It's easy to forget that we are all perfect in our own design. Sometimes we muck it up with habits and choices that do not serve us. 

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Spirituality Means More Than Ever Now

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It’s natural in troubled times for people to reflect on God and religion as a source of solace and hope, which matters more in a crisis. But with church services being so limited, not to mention the decline in organized religion that has continued for fifty years, God isn’t the pillar of faith that past generations relied on.

I don’t find myself thinking about spirituality in those terms, however. Like a winter coat that’s put away in spring, for many people religion gets put away once the crisis has passed. Crises by their nature go up and down, but the deeper need for spirituality remains. This need is rooted deeper than solace and hope. It’s the need for wisdom.  Wisdom is a word that’s open to skepticism and dismissal. Even people who think of themselves as spiritual are likely to think much more about issues like self-esteem and love.

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259 Hits

Trading In the Afterlife for One Life

oneness Trading In the Afterlife for One Life

Every doctrine of the afterlife has run into the same problem, which is that of belief. For centuries the existence of life after death has been couched in religious terms, which necessitates believing in religion before the question of the afterlife can be approached. Is it possible to say something more firmly grounded than mere belief, which falls so short of certainty?

With the continuing decline of organized religion in developed countries, a strain of rational atheism has arisen that seems to have the backing of science. In this view, since we lack data from people who have died, there is no reason to abide by age-old myths concerning a promise of life after death. Fundamentally, the death and decay of the physical body points to the death of the mind, because to a physicalist the mind is a product of the brain.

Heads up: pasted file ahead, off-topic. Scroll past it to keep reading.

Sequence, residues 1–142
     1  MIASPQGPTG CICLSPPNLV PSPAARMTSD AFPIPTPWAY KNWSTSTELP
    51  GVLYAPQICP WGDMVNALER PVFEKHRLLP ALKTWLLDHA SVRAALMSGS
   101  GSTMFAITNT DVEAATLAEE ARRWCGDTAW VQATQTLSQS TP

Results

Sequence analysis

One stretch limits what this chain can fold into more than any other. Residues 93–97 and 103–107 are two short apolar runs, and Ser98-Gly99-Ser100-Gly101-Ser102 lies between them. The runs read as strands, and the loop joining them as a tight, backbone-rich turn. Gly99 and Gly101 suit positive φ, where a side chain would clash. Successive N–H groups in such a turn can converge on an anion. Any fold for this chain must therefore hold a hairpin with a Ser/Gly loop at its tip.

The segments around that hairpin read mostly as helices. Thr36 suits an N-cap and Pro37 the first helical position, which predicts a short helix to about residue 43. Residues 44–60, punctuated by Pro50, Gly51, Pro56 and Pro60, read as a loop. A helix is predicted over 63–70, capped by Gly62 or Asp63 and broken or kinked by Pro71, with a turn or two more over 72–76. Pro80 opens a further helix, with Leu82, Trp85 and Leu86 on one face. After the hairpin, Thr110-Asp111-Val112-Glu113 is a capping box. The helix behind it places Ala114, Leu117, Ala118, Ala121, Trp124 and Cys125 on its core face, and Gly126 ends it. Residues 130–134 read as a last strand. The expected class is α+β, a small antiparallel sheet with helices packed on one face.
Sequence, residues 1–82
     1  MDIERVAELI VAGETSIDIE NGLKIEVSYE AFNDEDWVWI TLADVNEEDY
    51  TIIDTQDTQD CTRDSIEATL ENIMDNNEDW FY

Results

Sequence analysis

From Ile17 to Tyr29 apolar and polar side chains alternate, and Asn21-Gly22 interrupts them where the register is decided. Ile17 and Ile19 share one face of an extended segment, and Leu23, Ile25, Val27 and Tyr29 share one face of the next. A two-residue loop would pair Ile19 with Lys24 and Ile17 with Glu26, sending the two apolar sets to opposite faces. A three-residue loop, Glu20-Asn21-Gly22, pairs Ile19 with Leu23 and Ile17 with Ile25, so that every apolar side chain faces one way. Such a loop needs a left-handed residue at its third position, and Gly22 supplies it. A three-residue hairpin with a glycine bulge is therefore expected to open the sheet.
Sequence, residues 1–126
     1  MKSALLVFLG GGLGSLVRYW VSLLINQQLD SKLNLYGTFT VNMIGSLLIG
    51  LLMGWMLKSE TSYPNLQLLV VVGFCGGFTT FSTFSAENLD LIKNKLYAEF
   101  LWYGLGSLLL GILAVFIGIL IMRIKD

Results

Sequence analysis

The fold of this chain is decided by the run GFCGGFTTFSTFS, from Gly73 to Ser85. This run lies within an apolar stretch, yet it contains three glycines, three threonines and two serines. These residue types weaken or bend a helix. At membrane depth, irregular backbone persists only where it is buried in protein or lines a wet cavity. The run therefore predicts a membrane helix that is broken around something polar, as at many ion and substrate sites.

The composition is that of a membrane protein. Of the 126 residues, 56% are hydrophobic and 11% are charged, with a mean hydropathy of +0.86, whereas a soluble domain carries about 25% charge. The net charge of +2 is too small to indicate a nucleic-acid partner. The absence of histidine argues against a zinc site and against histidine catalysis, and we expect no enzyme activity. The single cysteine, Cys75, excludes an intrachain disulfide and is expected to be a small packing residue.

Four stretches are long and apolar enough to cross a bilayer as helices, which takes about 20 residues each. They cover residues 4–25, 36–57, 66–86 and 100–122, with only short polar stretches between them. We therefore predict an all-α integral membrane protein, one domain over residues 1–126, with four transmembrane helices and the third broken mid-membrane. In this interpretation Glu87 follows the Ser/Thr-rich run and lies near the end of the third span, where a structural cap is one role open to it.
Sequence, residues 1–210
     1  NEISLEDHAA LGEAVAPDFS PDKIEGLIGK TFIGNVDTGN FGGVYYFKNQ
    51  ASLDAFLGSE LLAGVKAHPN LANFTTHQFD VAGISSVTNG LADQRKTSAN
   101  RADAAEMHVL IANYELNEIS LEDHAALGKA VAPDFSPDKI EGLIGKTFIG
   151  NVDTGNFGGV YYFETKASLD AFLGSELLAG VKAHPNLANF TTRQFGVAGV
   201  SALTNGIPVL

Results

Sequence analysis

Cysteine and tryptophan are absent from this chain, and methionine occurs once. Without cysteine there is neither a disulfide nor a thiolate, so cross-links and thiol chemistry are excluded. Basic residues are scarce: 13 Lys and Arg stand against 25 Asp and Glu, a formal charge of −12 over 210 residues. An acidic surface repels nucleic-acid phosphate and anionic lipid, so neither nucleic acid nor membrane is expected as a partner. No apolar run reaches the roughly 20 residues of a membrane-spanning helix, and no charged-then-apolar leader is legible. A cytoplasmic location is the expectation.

The weakness in this viewpoint is twofold. First, it is founded on unproven assumptions. No one has proved that the brain produces the mind, only that brain activity parallels mental activity. By analogy, the heart beats faster when someone gets excited emotionally, but by no means does this prove that the heart produces emotions. The second flaw is that receiving no data from people who have died begs the question. Entire theories of cosmology delve into string theories and the multiverse with no data and indeed no chance of gathering any data. There are certain boundaries that physical exploration cannot cross, but this obstacle doesn’t invalidate their existence.

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630 Hits

How can we reconcile our spirituality and our religion?

womaninchurch How can we reconcile our spirituality and our religion?

There was a great moment when I asked Trungpa Rinpoche for some meditation instruction.

He was sitting there with this saki bottle and he said, “What you should be doing now is this form of yoga called Ati yoga.” And he says, “You just will expand out, let’s do it.” So we sat there looking at each other and started to meditate.

Then after about 20 seconds he says, “Ram Dass?” I said, “Yes?” He said, “Are you trying?” I said, “Yes I’m trying!” He said, “No Ram Dass, don’t try, just do it.” I realized that in my zeal towards enlightenment, I’d turned it into another Jewish middle-class achievement task.

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763 Hits

What's in a Name?

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My aversion to the word God began in childhood because of the Jehovah’s Witnesses who regularly showed up at our door to convert us to Christianity. My father used to try to argue them out of their stance that only they knew who or what God is. They, of course, saw my dad as one of the lost who needed to be saved. This was my first experience with proselytizing. As adults, my parents had moved away from their Christian roots to a more “free-thinking” approach to religion. They felt that humans can never really “know” if God exists; it is a personal belief. So I was raised entirely outside of traditional religion. My parents took me to a Unitarian church once, but I wasn’t really interested. They always allowed me my own choices with regard to religious beliefs or practices.


So I had no spiritual framework other than Nature and my parents’ unconditional love, which I eventually recognized as God in its purest form. I remained suspicious of the rigidity of religion, as well as its patriarchal structure, for many years. The word God to me exemplified all of that. It wasn’t until I read Mary Daly’s book Beyond God the Father in my 20s that I began to open to a spirituality beyond religion. Mary asked her readers to imagine God as a verb not a noun—an active verb, neither male nor female. That fascinated me and enabled me to break through to infinite possibilities around the idea of God. The words Source, Divine, Goddess, Great Mystery, Universal Consciousness, Spirit all held meaning for me. I liked having many names for God, which is really unnamed energy anyway. It’s humans who want to name it.

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912 Hits

My Religion is Kindness – Part 1 ~

Tara-Brach-My-religion-is-kindness

Authentic kindness must include the life within us. These two talks examine the movement from an armored to a free and loving heart. The first looks at how we can awaken from the trance of unworthiness and establish a genuinely caring relationship with our inner life. In the second we explore how self-kindness awakens us to the heartspace that naturally includes all of life.

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3196 Hits